By contrast, the rest of the economy in SOC categories 4 to 9 created a net of 277,000 jobs in those 11 years – just over 25,000 a year. Many areas shrunk, including relatively well-paid and secure jobs in skilled trades and in office jobs. They were replaced mainly by roles in care work and at the very elementary level, often in insecure, poorly paid jobs with long hours. It is no wonder that people who didn’t go to university often say that they don’t feel that there has been any improvement in the economy. For many, their circumstances have only worsened year on year and they cannot get access to those sections of the economy that are improving.

These figures do not speak of an economy oversupplied with degrees at the expense of other qualifications. They show an economy with an ever-increasing demand for higher levels of education.

It is fair to say that we might better balance some aspects of graduate supply against demand by taking more account of which occupations and skills are in genuine shortage, and where we might currently need graduates (in terms of occupation, and in terms of industry and location).

There are also arguments about earnings (although it’s possible for graduate earnings to fall and for that to potentially be good for the national graduate economy – such as if many more graduates got jobs outside London) and very tricky ones about underemployment, that are very difficult to resolve without a clearer understanding of what a ‘graduate job’ might be than we currently possess. These arguments sometimes suggest that we may not be making the best use of our graduates or that some of them are mismatched in the economy.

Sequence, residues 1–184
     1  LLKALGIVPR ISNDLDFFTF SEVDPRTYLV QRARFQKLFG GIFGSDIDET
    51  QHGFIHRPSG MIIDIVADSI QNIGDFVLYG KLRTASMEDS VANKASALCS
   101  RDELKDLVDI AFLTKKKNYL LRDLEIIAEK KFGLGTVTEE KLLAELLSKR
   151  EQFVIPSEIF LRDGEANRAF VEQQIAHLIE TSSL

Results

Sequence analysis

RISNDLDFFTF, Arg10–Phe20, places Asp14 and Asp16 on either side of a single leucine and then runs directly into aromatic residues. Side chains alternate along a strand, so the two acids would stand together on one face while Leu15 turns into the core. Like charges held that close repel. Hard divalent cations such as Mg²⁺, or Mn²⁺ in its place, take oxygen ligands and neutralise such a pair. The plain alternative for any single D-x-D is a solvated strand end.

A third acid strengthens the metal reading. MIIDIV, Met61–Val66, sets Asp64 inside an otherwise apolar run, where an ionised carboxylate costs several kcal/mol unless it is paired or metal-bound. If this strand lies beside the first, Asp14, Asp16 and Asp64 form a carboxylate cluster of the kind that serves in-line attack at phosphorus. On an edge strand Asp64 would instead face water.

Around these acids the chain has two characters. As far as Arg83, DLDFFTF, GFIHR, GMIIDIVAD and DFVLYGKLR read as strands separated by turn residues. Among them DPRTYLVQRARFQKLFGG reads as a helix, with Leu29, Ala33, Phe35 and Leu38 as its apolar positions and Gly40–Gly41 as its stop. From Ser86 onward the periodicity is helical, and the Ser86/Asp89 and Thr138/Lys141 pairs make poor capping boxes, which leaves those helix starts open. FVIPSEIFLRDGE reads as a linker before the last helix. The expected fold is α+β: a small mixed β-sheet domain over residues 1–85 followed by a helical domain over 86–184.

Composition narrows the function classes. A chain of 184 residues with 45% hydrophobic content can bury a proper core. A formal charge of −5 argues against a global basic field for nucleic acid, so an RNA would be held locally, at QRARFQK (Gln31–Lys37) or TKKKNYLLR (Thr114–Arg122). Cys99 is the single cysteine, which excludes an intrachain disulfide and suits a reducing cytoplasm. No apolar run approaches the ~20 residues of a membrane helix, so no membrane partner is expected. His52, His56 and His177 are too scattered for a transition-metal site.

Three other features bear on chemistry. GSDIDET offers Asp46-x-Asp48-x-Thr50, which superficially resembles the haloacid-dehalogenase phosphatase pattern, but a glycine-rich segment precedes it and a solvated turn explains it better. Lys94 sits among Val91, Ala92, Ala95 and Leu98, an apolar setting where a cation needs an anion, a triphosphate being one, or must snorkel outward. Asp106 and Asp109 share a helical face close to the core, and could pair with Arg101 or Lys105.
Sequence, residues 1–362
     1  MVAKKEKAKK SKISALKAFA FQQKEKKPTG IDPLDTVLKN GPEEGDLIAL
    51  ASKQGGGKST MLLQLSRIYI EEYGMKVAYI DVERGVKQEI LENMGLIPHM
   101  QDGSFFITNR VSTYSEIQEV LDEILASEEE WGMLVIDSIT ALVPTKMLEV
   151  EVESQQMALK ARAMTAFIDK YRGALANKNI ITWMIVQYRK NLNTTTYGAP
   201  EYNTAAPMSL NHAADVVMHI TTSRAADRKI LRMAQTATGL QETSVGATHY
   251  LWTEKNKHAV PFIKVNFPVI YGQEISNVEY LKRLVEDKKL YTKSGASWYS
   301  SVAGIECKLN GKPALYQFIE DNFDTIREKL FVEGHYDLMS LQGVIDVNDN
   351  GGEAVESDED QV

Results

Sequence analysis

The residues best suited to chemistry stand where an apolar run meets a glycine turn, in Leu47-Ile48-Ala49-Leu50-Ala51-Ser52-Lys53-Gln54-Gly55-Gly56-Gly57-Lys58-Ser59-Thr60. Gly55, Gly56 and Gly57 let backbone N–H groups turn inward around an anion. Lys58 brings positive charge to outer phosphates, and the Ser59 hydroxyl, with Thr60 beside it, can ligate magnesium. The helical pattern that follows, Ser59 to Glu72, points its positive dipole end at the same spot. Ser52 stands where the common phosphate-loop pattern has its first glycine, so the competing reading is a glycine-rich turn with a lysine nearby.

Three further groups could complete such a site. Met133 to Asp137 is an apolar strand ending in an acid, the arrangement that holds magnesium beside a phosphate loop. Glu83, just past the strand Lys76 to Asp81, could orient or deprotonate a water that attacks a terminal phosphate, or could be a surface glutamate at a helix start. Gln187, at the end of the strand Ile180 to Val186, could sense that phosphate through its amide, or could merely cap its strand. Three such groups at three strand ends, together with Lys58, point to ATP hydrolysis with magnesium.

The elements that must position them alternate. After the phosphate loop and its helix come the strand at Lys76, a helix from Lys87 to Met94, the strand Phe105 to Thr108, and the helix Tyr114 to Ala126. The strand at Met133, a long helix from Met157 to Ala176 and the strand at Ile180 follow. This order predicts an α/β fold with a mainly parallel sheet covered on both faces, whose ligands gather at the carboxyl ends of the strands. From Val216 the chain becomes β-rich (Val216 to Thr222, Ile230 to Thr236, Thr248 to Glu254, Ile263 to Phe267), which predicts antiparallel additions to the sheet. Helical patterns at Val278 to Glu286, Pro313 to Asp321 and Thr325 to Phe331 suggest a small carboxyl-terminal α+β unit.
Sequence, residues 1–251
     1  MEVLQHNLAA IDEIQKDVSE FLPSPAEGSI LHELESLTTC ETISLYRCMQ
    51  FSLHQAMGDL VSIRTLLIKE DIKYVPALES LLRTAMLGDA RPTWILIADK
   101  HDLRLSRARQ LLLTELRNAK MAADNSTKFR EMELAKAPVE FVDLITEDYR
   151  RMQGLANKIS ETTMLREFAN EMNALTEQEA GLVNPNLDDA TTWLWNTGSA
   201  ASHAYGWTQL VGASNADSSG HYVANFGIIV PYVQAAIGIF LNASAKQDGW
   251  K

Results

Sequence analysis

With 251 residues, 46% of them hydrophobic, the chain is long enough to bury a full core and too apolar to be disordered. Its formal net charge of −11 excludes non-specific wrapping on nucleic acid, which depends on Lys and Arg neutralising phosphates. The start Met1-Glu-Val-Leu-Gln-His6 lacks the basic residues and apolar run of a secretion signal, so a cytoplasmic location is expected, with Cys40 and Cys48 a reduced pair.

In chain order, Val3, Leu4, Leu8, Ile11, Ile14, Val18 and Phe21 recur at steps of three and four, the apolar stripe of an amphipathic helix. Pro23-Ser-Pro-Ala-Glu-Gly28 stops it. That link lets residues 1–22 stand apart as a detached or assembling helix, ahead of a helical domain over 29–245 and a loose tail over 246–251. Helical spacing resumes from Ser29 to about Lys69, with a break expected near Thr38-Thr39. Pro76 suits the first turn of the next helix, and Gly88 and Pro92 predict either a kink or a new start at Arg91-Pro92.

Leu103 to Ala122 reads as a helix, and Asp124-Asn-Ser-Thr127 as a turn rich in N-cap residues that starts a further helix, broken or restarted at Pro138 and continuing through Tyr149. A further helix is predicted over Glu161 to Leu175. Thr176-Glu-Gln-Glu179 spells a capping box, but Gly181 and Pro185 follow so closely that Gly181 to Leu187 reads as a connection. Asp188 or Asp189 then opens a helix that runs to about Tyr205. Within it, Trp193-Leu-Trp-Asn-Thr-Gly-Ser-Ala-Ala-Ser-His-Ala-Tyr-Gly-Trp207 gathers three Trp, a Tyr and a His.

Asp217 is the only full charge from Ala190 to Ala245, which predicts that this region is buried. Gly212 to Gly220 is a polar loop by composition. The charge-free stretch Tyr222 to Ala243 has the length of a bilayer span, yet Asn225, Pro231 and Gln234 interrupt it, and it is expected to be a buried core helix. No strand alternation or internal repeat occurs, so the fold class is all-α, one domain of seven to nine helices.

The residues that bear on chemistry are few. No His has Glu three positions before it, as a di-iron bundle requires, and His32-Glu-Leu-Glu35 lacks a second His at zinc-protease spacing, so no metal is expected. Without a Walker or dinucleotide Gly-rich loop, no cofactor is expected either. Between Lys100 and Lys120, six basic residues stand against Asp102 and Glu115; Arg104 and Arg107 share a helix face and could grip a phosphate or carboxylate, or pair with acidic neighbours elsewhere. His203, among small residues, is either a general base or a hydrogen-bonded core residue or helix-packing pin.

But these raw figures on numbers of graduates and the basics of how the economy uses them do not speak of a serious, obvious oversupply of graduates in the UK.

It is not clear what benefits might accrue from reducing the number of people going to university, but the level of occupational shortage reported in the Employer Skills Survey data (more on that in later posts) suggests that a significant reduction in the number of people going to university might exacerbate some of our current crucial skills shortages.

And a significant reduction in the number of people going to university is what we may well get anyway.

Note future employment projections – that this trend towards higher skilled work is only set to continue and that it may not be long before more than half the jobs in the economy will need a degree or equivalent. But then observe the demographic trends that point to fewer 18 year olds year on year until the 2020s. 2015 saw fewer graduates than 2014 and that looks to be repeated this year, and possibly every year for most of the next decade. How will that work in an economy that seems to need more graduates? The idea that we obviously have too many graduates is one myth that might not survive the next few years.